Back in South Africa, Eskom has a major debt-service problem on its existing assets. The assets aren’t able to cover their own costs at Eskom’s current tariff rate, which is why they are asking for 45% increase over the next 3 years when inflation is just 5% p.a. Put another way, these assets are worth less than the R420Bn of debt that Eskom borrowed when building them in the first place.This is the primary cause of  Eskom’s death spiral.

The challenge for Eskom, and South Africa, remains that a different electricity path is cheaper. The cold numbers show that the lowest cost model is renewable energy and gas, with no new nuclear builds and limited further coal. This has brought up some valid social issues around transformation and the displacement of employment. These issues are important and need to be tackled head on, they also need to be seen in the light of education, upskilling, entrepreneurship and opportunity.

The opportunities for the energy landscape

The energy minister has recently said that the IRP will be signed off in mid-February.  The IRP draft, combined with the ANC’s policy manifesto, does show willingness to dissolve the electricity monopoly, bring private players into the market, reduce the costs of electricity and stimulate the economy, allowing the government to focus on the key areas of the country that need it most.

The President’s recent announcement of his intent to divide Eskom into separate Generation, Transmission and Distribution entities is not only in line with global trends, but it will also ringfence Eskom’s unprofitable generation assets from affecting its profitable grid infrastructure, which is crucial to our country’s stability as an economic entity.  It is hard to know the series of actions that will follow, but we can be sure that it will be done sensitively in an election year.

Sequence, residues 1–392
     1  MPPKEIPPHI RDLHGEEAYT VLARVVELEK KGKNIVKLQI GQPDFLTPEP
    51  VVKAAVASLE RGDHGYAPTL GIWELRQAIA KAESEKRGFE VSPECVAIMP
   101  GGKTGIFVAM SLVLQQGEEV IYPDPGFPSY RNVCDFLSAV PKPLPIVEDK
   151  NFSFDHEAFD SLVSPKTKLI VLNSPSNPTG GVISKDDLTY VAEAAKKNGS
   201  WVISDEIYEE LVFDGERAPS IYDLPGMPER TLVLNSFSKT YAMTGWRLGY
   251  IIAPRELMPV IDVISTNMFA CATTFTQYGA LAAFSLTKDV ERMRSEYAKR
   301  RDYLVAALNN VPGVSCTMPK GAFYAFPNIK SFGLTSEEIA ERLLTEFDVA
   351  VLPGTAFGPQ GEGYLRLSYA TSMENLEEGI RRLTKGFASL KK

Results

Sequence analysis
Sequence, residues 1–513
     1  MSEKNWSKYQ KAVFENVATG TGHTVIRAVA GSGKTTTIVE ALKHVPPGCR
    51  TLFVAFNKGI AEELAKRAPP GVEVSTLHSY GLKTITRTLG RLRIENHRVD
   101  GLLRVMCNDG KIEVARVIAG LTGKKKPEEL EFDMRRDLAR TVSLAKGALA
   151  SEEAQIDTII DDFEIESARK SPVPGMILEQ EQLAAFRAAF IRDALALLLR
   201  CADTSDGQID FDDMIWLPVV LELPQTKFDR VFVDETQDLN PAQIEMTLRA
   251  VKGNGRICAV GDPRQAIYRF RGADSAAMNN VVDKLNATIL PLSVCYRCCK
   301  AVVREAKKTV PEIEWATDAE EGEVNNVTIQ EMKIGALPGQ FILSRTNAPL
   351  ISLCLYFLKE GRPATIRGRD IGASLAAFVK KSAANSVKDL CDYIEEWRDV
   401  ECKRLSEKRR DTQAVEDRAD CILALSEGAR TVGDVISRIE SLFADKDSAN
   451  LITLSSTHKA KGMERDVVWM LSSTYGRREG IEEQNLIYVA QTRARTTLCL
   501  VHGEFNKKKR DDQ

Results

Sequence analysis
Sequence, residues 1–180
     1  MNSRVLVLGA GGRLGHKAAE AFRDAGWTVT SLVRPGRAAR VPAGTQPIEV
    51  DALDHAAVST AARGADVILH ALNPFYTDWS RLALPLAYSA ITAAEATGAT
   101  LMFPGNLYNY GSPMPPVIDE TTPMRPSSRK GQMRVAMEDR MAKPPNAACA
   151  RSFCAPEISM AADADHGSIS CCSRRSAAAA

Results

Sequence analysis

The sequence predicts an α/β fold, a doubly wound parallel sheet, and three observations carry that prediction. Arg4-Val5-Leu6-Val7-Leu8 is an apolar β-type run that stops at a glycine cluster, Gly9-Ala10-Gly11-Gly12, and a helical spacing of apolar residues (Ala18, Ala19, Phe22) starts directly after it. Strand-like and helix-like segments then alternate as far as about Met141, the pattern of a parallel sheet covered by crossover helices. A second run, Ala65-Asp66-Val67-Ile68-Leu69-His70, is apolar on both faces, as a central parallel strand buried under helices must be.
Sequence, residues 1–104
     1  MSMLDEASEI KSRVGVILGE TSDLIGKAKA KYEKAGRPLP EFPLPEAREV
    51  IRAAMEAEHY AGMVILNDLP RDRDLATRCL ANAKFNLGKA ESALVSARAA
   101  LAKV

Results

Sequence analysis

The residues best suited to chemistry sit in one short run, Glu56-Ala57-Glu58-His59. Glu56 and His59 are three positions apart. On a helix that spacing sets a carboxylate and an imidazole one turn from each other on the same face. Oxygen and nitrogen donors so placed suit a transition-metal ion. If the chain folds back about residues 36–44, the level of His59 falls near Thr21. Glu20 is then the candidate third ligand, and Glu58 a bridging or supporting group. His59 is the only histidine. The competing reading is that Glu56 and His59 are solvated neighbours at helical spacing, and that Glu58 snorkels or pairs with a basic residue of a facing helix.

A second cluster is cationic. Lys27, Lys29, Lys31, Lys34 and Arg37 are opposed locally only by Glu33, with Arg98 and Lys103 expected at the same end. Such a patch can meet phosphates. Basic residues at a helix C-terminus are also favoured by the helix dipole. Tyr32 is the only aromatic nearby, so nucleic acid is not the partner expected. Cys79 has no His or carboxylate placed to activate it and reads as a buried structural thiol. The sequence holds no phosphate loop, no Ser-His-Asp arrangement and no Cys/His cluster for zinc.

We’re already seeing large users of electricity investing in their own power consumption, and when the IRP is released, we’ll see generation licenses starting to be awarded to private embedded generators.  Most of this is, and will be in future, solar PV due to the ease of implementation and abundance of solar resource in South Africa. However, there will also be some cogeneration and biowaste projects too.  These steps are very positive, as they set the stage of a socialised electricity grid with multiple power sources, allowing the most affordable energy to be available to South African industry and encouraging economic growth.

The Future is Bright

We have an extraordinary opportunity for electricity reform in South Africa.  If our renewable resources are harnessed, we not only have 20 years of upskilling and job creation, but with our natural resources we could have, sustainably, the cheapest electricity in the world. If we get the structure right, and manage the transition in the best interests of all of our people, it will be a positive boon for South Africa’s economy. This is a major task, but if achieved, we have a lot to look forward to.